Throughout the last spring, I had the pleasure of helping put on the Ohio Farm to Cafeteria Pre-Conference and the National Farm to Cafeteria Conference. This opportunity came about after I saw an advertisement for the conference in a flyer.

The national conference is put on by the National Farm to School Network, an information, advocacy and networking hub that serves communities by using local food, school gardens and food and agricultural education in schools and early care settings. With my major being agricultural communications and working towards minors in youth development and Spanish, farm to school combined both of my interests. I found out that they were not only interested in having a volunteer, but would be willing to help me count the experience towards an Ohio State internship credit. This was in January and over the next four months, I worked as a Farm to School Communications Intern out of Campbell Hall to help promote the conference to people across Ohio.

The National Farm to Cafeteria Conference was planned for Cincinnati in May. Carol Smathers, OSU Extension specialist and the Ohio Farm to School Program Coordinator and Amy Fovargue, OSU Extension, were responsible for an Ohio-focused pre-conference. Most of my work involved promoting the pre-conference, which included an Ohio producer showcase with tables from companies like DNO Produce, Peaceful Fruits and Cincy Beef. There was also a panel of speakers from the local food industry and round tables for guests to discuss issues and topics surrounding local food.

While promoting the pre-conference, I learned a lot about event planning and especially the importance of staying organized. I used various tactics to help promote the conference as well as excel sheets to keep track of all email lists and publications that highlighted the event. I promoted the pre-conference through mass emails, press releases and Facebook. I found Facebook to be especially helpful. I had not previously experienced using Facebook to set up an event page and learned some of the benefits and challenges of this media platform.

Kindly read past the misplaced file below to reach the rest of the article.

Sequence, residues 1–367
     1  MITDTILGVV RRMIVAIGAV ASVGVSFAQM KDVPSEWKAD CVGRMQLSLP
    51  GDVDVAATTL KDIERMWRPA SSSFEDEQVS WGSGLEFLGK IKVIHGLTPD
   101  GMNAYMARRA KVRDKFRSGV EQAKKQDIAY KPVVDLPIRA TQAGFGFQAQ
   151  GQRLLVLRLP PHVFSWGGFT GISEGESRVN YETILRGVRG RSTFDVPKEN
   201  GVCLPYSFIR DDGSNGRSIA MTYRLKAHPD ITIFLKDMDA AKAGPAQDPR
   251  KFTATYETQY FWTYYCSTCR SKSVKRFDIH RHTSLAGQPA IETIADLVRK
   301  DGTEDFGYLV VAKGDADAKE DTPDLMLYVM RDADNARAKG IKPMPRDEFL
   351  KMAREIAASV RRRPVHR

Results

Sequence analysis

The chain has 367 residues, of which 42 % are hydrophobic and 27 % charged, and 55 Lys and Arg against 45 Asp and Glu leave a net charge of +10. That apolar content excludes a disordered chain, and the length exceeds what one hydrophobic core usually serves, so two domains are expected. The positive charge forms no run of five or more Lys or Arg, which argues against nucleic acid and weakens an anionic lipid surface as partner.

I also worked with Ohio State’s Office of Trademark and Licensing Services to ensure that our branding was compliant with the University’s brand on the Farm to School website, flyers and post cards. I helped update the Farm to School website, created a monthly flyer that contained information about the upcoming conference. For these flyers, I used the approved OSU templates. I also developed postcards to hand out to promote the pre-conference. Working on the website, flyers and postcards provided a valuable learning experience. I also had to build in time to receive feedback and edits for the branding to be approved. This taught me to build in extra time when working with others.

Throughout this internship, I learned more than I could have imagined about event planning. This experience was especially unique because of the event being a pre-conference with a national conference happening the following day. I feel that the work I did helped prepare me for a job that includes event planning and creating promotional materials such as postcards, flyers, press releases and a website.

Table decorations for the conference that Plahuta made.

 

Plahuta (left) with Amy Fovargue (middle), and Michaela Graham (right), another intern who helped with the conference.

Intern Spotlight: Emily Beal Interns with The Kentucky Exposition Center

Emily Beal
junior
agricultural communication

During the summer of 2018 I had the pleasure to intern for The Kentucky Exposition Center, where I worked in the horse show office. While I was only an intern, the knowledge and experience I received while working in Louisville were immeasurable.